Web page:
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Did a gamma-ray burst initiate the late Ordovician mass extinction?

Published online by Cambridge University Press:  05 August 2004

A.L. Melott
Affiliation:
Department of Physics and Astronomy, University of Kansas, Lawrence, KS 66045 USA e-mail: melott@ku.edu
B.S. Lieberman
Affiliation:
Departments of Geology and Ecology and Evolutionary Biology, University of Kansas, Lawrence, KS 66045, USA
C.M. Laird
Affiliation:
Department of Physics and Astronomy, University of Kansas, Lawrence, KS 66045 USA e-mail: melott@ku.edu
L.D. Martin
Affiliation:
Museum of Natural History, University of Kansas, Lawrence, KS 66045, USA
M.V. Medvedev
Affiliation:
Department of Physics and Astronomy, University of Kansas, Lawrence, KS 66045 USA e-mail: melott@ku.edu
B.C. Thomas
Affiliation:
Department of Physics and Astronomy, University of Kansas, Lawrence, KS 66045 USA e-mail: melott@ku.edu
J.K. Cannizzo
Affiliation:
Laboratory for High Energy Astrophysics, NASA Goddard Space Flight Center, Code 661, Greenbelt, MD 20771, USA
N. Gehrels
Affiliation:
Laboratory for High Energy Astrophysics, NASA Goddard Space Flight Center, Code 661, Greenbelt, MD 20771, USA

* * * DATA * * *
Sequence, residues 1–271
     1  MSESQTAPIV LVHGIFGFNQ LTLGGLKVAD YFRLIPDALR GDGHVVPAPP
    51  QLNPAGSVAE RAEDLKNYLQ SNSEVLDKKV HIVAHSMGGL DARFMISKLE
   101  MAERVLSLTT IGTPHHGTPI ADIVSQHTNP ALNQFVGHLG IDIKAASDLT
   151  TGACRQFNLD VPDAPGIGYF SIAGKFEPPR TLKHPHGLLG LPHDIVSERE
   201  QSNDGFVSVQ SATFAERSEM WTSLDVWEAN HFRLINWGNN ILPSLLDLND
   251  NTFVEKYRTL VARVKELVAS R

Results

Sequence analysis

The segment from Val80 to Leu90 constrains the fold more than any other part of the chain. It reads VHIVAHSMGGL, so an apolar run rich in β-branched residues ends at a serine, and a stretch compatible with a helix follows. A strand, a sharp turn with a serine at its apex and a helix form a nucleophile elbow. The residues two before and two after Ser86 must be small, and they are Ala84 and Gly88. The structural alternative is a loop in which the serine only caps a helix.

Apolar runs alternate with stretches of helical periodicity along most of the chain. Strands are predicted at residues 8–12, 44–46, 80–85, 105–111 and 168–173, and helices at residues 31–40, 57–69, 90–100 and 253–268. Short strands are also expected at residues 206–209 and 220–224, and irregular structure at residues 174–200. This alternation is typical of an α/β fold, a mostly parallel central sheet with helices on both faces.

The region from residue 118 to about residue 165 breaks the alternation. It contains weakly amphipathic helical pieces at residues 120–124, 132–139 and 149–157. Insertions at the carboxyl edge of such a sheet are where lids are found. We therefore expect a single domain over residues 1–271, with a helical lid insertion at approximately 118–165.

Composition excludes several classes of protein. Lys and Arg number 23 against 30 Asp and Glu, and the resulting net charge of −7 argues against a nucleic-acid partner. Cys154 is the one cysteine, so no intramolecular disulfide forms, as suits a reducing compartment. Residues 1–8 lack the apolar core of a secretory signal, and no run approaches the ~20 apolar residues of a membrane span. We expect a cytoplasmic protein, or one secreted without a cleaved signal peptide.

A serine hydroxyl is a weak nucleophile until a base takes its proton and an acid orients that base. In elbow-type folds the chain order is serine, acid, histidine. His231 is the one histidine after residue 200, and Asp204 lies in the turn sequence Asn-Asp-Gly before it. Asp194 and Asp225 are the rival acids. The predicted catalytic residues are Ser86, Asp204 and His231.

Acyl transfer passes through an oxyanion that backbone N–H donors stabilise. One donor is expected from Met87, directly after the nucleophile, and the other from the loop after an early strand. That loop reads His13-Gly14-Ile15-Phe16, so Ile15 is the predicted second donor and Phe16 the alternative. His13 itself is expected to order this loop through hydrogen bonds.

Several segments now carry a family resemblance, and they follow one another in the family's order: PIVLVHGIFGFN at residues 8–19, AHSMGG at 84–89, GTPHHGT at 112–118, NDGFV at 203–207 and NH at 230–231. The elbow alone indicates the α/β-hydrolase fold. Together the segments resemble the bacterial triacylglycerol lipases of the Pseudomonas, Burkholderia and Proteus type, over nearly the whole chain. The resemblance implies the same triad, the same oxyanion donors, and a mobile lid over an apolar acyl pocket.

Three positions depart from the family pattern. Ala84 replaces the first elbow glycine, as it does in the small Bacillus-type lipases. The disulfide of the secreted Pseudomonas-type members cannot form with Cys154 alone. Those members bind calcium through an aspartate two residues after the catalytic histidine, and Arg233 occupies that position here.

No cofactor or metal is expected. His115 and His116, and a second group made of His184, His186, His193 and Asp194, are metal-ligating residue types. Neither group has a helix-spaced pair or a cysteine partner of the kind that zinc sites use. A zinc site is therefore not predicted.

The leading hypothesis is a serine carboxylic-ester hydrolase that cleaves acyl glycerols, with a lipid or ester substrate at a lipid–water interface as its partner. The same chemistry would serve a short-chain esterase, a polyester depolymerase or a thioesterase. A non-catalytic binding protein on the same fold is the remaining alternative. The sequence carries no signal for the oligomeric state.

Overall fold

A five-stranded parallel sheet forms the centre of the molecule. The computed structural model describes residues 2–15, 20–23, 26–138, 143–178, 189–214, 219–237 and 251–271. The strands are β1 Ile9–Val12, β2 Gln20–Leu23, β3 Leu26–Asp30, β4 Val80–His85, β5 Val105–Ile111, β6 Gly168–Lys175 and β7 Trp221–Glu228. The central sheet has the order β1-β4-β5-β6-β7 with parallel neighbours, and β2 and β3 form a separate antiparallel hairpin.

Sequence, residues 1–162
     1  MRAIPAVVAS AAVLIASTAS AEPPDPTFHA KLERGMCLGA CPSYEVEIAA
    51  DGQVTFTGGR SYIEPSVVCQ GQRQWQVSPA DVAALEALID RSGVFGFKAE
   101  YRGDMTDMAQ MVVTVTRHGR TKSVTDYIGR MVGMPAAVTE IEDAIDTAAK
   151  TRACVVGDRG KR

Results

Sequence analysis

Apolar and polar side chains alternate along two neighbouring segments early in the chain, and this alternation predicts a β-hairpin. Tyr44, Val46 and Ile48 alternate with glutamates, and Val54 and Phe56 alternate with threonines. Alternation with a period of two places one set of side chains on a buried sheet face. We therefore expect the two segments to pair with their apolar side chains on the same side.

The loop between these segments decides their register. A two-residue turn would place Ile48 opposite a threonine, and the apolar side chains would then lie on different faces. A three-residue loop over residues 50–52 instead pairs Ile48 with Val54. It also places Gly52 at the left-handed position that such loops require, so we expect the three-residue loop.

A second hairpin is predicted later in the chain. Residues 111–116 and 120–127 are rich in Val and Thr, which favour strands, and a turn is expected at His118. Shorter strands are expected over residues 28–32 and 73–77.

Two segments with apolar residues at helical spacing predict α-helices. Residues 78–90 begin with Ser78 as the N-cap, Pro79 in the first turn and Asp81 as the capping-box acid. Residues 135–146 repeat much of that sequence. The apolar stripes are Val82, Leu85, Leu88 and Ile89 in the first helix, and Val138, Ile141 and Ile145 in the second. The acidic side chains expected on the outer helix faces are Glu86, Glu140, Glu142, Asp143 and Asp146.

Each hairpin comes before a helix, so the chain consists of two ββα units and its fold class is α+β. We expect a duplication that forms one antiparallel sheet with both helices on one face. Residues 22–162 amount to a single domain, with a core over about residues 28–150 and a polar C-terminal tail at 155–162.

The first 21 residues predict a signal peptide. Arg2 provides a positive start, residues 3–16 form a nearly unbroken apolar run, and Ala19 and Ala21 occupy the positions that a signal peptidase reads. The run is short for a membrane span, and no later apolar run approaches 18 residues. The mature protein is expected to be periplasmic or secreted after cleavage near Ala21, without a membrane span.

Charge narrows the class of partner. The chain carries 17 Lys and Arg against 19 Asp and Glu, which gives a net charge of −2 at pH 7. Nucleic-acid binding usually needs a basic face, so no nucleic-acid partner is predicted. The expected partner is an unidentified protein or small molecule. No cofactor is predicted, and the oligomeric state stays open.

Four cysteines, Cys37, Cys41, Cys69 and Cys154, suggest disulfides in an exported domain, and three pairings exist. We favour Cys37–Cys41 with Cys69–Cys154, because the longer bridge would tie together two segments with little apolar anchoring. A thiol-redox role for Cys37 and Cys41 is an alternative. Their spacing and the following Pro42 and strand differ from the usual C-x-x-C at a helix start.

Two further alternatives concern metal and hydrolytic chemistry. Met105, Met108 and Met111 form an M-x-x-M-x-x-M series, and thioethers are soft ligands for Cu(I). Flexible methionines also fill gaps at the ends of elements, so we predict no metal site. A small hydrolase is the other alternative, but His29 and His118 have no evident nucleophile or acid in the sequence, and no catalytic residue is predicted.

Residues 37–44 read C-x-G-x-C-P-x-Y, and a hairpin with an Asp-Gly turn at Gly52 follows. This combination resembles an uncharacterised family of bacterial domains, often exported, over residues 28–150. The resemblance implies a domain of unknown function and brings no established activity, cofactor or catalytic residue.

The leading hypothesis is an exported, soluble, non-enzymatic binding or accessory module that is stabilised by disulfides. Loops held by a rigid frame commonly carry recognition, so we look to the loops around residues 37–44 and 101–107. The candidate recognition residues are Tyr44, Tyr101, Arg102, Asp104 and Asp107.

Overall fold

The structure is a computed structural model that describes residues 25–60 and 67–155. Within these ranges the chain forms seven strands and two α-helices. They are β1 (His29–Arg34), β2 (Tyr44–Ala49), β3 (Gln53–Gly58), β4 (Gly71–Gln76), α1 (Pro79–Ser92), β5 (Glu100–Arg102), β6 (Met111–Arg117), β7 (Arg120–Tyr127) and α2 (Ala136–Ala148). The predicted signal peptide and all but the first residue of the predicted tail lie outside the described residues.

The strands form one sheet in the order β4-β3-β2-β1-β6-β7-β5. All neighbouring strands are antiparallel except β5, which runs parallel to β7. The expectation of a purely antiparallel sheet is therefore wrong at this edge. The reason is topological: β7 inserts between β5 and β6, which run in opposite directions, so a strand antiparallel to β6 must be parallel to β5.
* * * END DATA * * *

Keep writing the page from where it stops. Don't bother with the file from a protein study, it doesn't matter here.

C.H. Jackman
Affiliation:
Laboratory for Atmospheres, NASA Goddard Space Flight Center, Code 916, Greenbelt, MD 20771, USA

Abstract

Gamma-ray bursts (GRBs) produce a flux of radiation detectable across the observable Universe. A GRB within our own galaxy could do considerable damage to the Earth's biosphere; rate estimates suggest that a dangerously near GRB should occur on average two or more times per billion years. At least five times in the history of life, the Earth has experienced mass extinctions that eliminated a large percentage of the biota. Many possible causes have been documented, and GRBs may also have contributed. The late Ordovician mass extinction approximately 440 million years ago may be at least partly the result of a GRB. A special feature of GRBs in terms of terrestrial effects is a nearly impulsive energy input of the order of 10 s. Due to expected severe depletion of the ozone layer, intense solar ultraviolet radiation would result from a nearby GRB, and some of the patterns of extinction and survivorship at this time may be attributable to elevated levels of UV radiation reaching the Earth. In addition, a GRB could trigger the global cooling which occurs at the end of the Ordovician period that follows an interval of relatively warm climate. Intense rapid cooling and glaciation at that time, previously identified as the probable cause of this mass extinction, may have resulted from a GRB.

Type
Research Article
Copyright
2004 Cambridge University Press

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